We Tried 14 Vegan Yogurts so That You Don’t Have to (Seriously, You’re Welcome)
It was a lot more difficult than it sounds.
When I tell my friends and family that sometimes my job consists of tasting food and providing my cutthroat critiques, they become very jealous. “Wait, you mean to tell me that you’re getting paid to eat?!” Yes, I know—it’s pretty cool, and I am extremely lucky.
New Year. New Food. Healthy eating starts here, with the .
However, that sentiment does not apply to the vegan yogurt taste test that the MyRecipes staff endured for the purpose of #service #journalism. I believe “brutal” is the word I’m looking for. From the ehhhh, I-could-maybe-get-down-with-this flavors to the OMG, where-is-the-nearest-trash-bin flavors, we worked through some of the most popular alt-dairy yogurts on grocery store shelves and are here to talk about it.
The four brands that we sampled were (almond milk), (cashew milk), (flax milk), and (coconut milk). For each brand, we selected three different flavors, and Kite Hill had two bonus flavors in the line-up from their line of yogurts. Here’s what we thought.
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Overall, the brands that we preferred were So Delicious and Kite Hill (regular-style). We found So Delicious to have the best texture of all the brands—it didn’t clump, wasn’t too watery, and there was no lingering starchy, mouth-coating sensation. The unsweetened variety didn’t deliver a very strong coconut intensity, and it still possessed a relatively mild, tanginess reminiscent of a typical plain dairy yogurt. The other two chosen flavors of So Delicious, vanilla and strawberry banana, definitely had an artificial taste to them (in the same way that many flavored dairy yogurts do), but because there wasn’t a strong aftertaste or undesirable texture, this was overall one of the better yogurt-eating experiences.
As far as Kite Hill’s regular yogurt, there was definitely an underlying bitterness that wasn’t present in any of the other yogurts sampled. The plain flavor was sharply tangy, whereas the sweetness from the other two flavors we tried, vanilla and strawberry, surely cut the bitterness, creating a more palatable flavor. The strawberry variety tasted like almost exactly like ! The texture was not as true to classic yogurt as So Delicious, as it was slightly clumpy (before giving it a good stir) with a somewhat chalky/pasty mouthfeel. All in all, we’d probably stick to the flavored versions for breakfast or snacking, but the plain flavor would be great mixed into to other savory applications, such as soups, oatmeal, and alongside fried eggs. I’ll admit that I took the leftovers from this brand and have been adding them to my morning smoothies, and they’ve added a subtly delicious nuttiness and creamy consistency.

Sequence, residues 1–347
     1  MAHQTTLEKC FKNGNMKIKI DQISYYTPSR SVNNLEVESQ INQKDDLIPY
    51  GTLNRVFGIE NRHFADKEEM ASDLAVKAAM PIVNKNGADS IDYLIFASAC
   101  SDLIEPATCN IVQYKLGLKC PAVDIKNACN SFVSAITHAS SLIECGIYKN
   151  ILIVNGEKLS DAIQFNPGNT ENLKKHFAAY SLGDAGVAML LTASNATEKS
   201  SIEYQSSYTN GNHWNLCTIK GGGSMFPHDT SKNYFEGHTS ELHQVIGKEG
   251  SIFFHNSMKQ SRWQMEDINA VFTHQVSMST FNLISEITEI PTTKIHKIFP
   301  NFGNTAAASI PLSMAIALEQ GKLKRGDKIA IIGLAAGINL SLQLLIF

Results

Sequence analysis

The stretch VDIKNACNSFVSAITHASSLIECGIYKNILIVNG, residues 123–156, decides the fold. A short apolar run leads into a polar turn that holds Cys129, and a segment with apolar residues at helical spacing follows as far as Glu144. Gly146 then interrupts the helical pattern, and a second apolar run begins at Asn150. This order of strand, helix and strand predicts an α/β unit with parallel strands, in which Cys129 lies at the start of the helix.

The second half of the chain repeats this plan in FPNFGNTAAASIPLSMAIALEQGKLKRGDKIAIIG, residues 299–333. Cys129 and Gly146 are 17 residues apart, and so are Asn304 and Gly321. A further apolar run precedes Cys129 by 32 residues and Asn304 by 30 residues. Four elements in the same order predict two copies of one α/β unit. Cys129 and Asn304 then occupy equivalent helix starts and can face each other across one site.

The Kite Hill Greek-style fell in the middle of our general ranking. We definitely preferred its regular-style counterparts, but we much preferred it to the bottom two brands. It definitely achieved a thicker texture… as well as a more pronounced bitter flavor, but because the regular-style Kite Hill is already so bitter, the bitterness of the Greek style seemed excessive. One staffer compared the flavor to a blend of play dough and vinegar—it was very, very acidic, okay?! Like the regular-style yogurts, the plain flavor on its own is notably sharp, but used to top soups, chilis, or curries, this could be a great non-dairy, creamy component.
Now, onto the brands that didn’t go over as smoothly (pun very much intended). The Forager yogurts were not our favorites. The plain flavor possessed almost no recognizable flavor (yet still managed to have one of the most indescribable, unexpected aftertastes), while the other two, vanilla bean and lemon, had such foul aftertastes that we almost forgot that we were eating “yogurt.” Multiple staffers describes experiencing the flavor of smoked fish. So, yeah...it got weird. Between the oddly thinned-out glue consistency and straight-up offensive aftertaste, we’re going to pass on this one.
And now, our absolute least favorite: Good Karma. I do not know what flax milk tastes like, but I can assure you that it does not translate well to yogurt. The texture was so chunky, overcooked-custard-like, and generally off putting that we were borderline disturbed this product made it to shelves. The flavors of all three varieties sampled, plain, vanilla, and blueberry, were so artificial and bizarre that one staffer wrote that “It tastes like it’s going to poison me.” If we had to choose one of the three, the blueberry was probably the most edible, but we all agreed that we’d be very happy if we never had to consume that, ever again.
All in all, this taste test illuminated one very clear fact of life: Dairy yogurt cannot be imitated. As we trudged our way through each brand and flavor, we found ourselves simply comparing them all to each other and trying to decide which is the least foul. Had there been a container of Chobani or Fage there, it would have been like chasing a glass of Korbel with a glass of Veuve Clicquot—sure, they technically fall in the same category, but there’s truly no comparison. However, if living a dairy-free or vegan lifestyle is something that you’re choosing to do for medical or personal reasons, there are viable options out there. While they’re not nearly as good as their cow’s milk counterparts, they could certainly fill a void.